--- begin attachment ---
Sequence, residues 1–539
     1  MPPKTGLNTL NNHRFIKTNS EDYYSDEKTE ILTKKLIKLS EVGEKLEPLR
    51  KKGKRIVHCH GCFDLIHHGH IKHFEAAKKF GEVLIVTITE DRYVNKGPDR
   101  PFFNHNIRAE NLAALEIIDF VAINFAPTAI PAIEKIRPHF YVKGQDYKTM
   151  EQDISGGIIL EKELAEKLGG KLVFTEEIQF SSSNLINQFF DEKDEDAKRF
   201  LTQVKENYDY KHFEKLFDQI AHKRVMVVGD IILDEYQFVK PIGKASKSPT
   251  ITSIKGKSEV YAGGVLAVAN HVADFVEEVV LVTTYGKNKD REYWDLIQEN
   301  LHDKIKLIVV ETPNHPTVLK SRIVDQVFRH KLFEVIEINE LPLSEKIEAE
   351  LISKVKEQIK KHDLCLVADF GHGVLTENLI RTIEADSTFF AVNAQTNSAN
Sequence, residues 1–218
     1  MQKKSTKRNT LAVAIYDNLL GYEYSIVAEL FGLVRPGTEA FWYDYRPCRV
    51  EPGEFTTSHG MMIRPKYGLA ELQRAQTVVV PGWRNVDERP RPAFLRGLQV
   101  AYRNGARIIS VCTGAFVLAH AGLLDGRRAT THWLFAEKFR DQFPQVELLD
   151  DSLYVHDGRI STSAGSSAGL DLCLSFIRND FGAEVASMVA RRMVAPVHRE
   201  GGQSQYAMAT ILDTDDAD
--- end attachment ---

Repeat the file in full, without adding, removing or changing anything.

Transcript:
Sequence, residues 1–539
     1  MPPKTGLNTL NNHRFIKTNS EDYYSDEKTE ILTKKLIKLS EVGEKLEPLR
    51  KKGKRIVHCH GCFDLIHHGH IKHFEAAKKF GEVLIVTITE DRYVNKGPDR
   101  PFFNHNIRAE NLAALEIIDF VAINFAPTAI PAIEKIRPHF YVKGQDYKTM
   151  EQDISGGIIL EKELAEKLGG KLVFTEEIQF SSSNLINQFF DEKDEDAKRF
   201  LTQVKENYDY KHFEKLFDQI AHKRVMVVGD IILDEYQFVK PIGKASKSPT
   251  ITSIKGKSEV YAGGVLAVAN HVADFVEEVV LVTTYGKNKD REYWDLIQEN
   301  LHDKIKLIVV ETPNHPTVLK SRIVDQVFRH KLFEVIEINE LPLSEKIEAE
   351  LISKVKEQIK KHDLCLVADF GHGVLTENLI RTIEADSTFF AVNAQTNSAN
Sequence, residues 1–218
     1  MQKKSTKRNT LAVAIYDNLL GYEYSIVAEL FGLVRPGTEA FWYDYRPCRV
    51  EPGEFTTSHG MMIRPKYGLA ELQRAQTVVV PGWRNVDERP RPAFLRGLQV
   101  AYRNGARIIS VCTGAFVLAH AGLLDGRRAT THWLFAEKFR DQFPQVELLD
   151  DSLYVHDGRI STSAGSSAGL DLCLSFIRND FGAEVASMVA RRMVAPVHRE
   201  GGQSQYAMAT ILDTDDAD